top of page



Benjamin F. McAdoo, Jr., Washington State's first registered Black architect has had his legacy honored with a historic designation of the Queen Anne pool he designed, constructed in Seattle in 1977. The building sits on 13,300 square feet at West Crockett and West Howe Streets, atop Queen Anne Hill, and has functioned as a public swimming pool for the past 4+ decades.

There is some irony in this designation given that McAdoo's design philosophy leaned heavily toward the concept that modern design should be accessible to everyone, not just a privileged few, as was noted in the Crosscut Black Arts Legacies profile on McAdoo, and the history of denied access to public pools by Black people in America. In the late 19th century and through the early 20th century, thousands of public pools were built in cities across America. According to Jeff Wiltse, author of Contested Waters: A Social History of Swimming Pools in America, statistics by 2008 showed that 58% of Black children could not swim, which was double the rate of White children. These statistics are undeniably due to segregation standards at public swimming pools and contributed to increased incidents of Black children drowning when attempting to swim in open waters.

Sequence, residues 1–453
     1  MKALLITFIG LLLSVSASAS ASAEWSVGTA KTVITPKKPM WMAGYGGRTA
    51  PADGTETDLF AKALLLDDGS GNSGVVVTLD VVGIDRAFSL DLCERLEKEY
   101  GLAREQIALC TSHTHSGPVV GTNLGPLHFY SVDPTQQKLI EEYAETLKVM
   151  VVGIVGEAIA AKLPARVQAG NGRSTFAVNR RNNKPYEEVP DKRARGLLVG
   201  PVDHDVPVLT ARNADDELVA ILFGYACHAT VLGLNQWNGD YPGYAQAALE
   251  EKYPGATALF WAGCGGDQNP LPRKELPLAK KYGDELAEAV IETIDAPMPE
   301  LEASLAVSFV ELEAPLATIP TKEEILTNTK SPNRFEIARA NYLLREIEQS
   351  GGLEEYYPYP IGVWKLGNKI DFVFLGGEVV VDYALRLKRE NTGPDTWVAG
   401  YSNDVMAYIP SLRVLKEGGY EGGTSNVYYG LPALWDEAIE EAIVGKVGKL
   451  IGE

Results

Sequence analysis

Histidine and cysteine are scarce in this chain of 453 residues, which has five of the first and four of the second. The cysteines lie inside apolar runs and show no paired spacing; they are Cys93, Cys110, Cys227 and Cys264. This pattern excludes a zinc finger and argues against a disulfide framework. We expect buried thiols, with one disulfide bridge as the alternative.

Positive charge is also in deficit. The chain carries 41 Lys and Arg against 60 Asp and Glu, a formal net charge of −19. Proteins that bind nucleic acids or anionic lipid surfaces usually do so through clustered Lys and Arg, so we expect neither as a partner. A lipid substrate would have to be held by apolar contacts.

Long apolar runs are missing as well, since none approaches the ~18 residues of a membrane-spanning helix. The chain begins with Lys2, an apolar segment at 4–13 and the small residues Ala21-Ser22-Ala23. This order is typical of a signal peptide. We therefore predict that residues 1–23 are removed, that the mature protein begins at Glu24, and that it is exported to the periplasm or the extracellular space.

A child jumps into the Queen Anne Pool, whose interior paneling invokes mid-century modern architecture.

The area surrounding the Queen Anne Pool is flooded with new multi-family structures, not unlike many areas in cities across the country experiencing a boom of housing development. The potential for a building of such age to be demolished in favor of either new housing or a newer, sleeker design, is great. This historic designation is significant to the maintenance of an architectural and cultural legacy.

McAdoo designed numerous structures including both single-family and multi-family homes, and public buildings, including the University of Washington Ethnic Cultural Center, which has since been remodeled. McAdoo also participated in the design of the Kennedy Center for the Performing Arts. He is credited for the 1955 remodel design of Seattle's oldest Black church, the First African Methodist Church, (First AME), and for a time led the Seattle Chapter of the NAACP after a failed run for a seat on the State Legislature.

A May 15, 2024 post on X (formerly Twitter), announced a unanimous vote for the historic designation of the Benjamin F. McAdoo, Jr., designed Queen Anne Pool!


bottom of page